Cold bore dope

in Outdoors and more2 years ago (edited)

I've been shooting rifles for a long time, some thirty years, and over that time I've shot in many environments and situations. Over that time the range at which I would shoot, wanted to and needed to shoot, got greater and greater - Targets at 1600+ meters (a mile or more) is not unusual and there was a steep learning curve, a lot of training and practice, to gain the skills to do so.

Many things come together to make a long range shot accurately, first time, and I've written about it in the past; You can scroll through The Pew Community to see some of my previous posts on the topic if you like.

It can get technical, as my posts will demonstrate, but getting the round accurately onto the target on the first shot can be critical in certain circumstances, low percentage exposure engagements for instance, and the elements that make that happen are equally as important as each other and understanding what one's rifle will, or may, do in any situation is critical to that first-shot accuracy.

It's for this reason marksmen collect data; It's called data on previous engagements or simply dope.

In my experience there's one area that many shooters neglect when it comes to dope and that's what their rifle's do in a cold bore scenario. The concept is called cold bore shift and for any serious long range shooter it's critical to understand, in my opinion anyway.

Here's me taking some shots - The little white card on the scope cap has some dope written on it - Ranges and elevation adjustments.

Cold bore shift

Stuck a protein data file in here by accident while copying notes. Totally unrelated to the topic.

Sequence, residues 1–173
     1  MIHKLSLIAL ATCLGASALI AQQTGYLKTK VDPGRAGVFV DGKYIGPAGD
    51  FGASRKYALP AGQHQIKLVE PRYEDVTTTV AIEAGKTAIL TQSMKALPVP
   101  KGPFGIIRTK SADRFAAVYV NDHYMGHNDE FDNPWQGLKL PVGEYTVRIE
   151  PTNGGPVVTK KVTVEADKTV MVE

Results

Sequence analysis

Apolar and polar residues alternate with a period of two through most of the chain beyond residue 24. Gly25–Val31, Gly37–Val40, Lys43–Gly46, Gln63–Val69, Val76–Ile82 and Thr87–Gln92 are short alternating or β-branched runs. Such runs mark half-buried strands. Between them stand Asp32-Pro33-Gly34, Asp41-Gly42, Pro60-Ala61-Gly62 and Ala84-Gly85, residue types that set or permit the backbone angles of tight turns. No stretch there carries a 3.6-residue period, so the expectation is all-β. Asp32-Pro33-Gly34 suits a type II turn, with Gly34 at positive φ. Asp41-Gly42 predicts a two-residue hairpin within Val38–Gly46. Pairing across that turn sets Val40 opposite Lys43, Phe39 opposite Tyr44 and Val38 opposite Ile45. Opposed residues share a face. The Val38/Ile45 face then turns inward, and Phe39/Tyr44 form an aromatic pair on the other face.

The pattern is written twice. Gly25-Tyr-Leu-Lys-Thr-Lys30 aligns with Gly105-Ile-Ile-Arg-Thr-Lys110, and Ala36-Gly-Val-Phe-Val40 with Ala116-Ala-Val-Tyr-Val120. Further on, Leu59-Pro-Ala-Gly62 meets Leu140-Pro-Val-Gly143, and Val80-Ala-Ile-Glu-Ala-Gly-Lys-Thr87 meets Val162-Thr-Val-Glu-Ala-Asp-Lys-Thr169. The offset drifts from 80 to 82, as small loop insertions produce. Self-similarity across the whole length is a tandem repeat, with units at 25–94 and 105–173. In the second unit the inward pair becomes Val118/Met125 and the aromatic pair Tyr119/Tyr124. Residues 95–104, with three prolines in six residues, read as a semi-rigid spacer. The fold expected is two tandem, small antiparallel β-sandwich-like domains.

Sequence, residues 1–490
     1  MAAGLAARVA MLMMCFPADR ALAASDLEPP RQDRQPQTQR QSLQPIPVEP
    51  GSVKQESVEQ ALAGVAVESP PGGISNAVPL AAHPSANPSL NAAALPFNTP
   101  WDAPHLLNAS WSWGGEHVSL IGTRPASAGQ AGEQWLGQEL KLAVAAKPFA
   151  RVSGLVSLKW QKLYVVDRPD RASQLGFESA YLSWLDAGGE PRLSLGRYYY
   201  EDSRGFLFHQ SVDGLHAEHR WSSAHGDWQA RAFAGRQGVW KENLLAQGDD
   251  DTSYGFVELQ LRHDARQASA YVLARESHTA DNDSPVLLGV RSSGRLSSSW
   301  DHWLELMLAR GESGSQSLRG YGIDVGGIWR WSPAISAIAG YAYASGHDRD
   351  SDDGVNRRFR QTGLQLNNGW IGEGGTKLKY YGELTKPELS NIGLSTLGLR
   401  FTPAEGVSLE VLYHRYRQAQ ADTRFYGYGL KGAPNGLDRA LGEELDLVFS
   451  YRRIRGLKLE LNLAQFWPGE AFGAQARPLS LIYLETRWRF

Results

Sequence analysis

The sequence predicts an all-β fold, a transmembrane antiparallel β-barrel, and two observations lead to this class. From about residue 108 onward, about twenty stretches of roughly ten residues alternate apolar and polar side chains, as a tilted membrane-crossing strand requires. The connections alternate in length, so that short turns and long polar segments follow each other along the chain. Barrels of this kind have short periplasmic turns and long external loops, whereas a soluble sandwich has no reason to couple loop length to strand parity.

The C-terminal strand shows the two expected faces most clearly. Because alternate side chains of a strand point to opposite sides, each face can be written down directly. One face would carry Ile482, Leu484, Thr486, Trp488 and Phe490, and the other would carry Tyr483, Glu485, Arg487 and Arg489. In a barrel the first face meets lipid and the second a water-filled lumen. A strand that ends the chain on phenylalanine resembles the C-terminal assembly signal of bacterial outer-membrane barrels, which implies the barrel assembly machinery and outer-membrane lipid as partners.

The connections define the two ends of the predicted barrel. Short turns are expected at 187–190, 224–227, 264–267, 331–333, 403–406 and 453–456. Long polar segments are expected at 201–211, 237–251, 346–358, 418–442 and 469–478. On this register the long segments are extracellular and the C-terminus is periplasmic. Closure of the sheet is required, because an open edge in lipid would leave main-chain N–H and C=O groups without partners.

This simply refers to the deviation between the point of impact and the point of aim which occurs when a rifle is fired in a condition when it is at the same temperature as the ambient temperature - i.e. The ambient air temperature is 5 degrees Celcius and the bore/barrel/rifle is also.

When the first round is fired the bore heats up and with more shots the heat becomes greater than ambient which could bring a change to the dimensional characteristics of certain parts like the barrel, bolt, action and so on. That can affect the subsequent shots.

Essentially, the second and subsequent rounds could impact the target in different locations than the very first cold bore round, even when the point of aim is exactly the same. Not knowing how one's rifle performs in different cold bore scenarios could mean that first fired round could result in a miss.

This is one of my steel gongs. See that impact at almost dead centre? That's a cold bore shot I made late evening at 1400 meters or so. I never miss the chance take a cold bore shot at a decent range to check dope I've collected previously. The idea is that I use the process below to gain the dope for shots like this.

Due to the possible deviation as mentioned above I have always gathered data on my cold bore shots...It's called mapping and is done as follows.

  • 1 - Make sure rifle is at ambient temperature, has a fouled bore (see below re: fouled bores), and turrets are set to zero zero (no elevation or windage input). Shooting from the prone position (the most stable) fire a single round at the left target.
  • 2 - Shift aim right and fire four rounds at the right target to obtain a mean point of impact (POI). Clearly the shooter needs to aim at dead centre in both cases.

  • 3 - Measure the angular deviation present from the mean POI of the last four rounds on the right target to the first round on the left target. This can be done using the reticle or by heading down range and using an MRAD ruler. (Mean POI and angular deviation in green below.)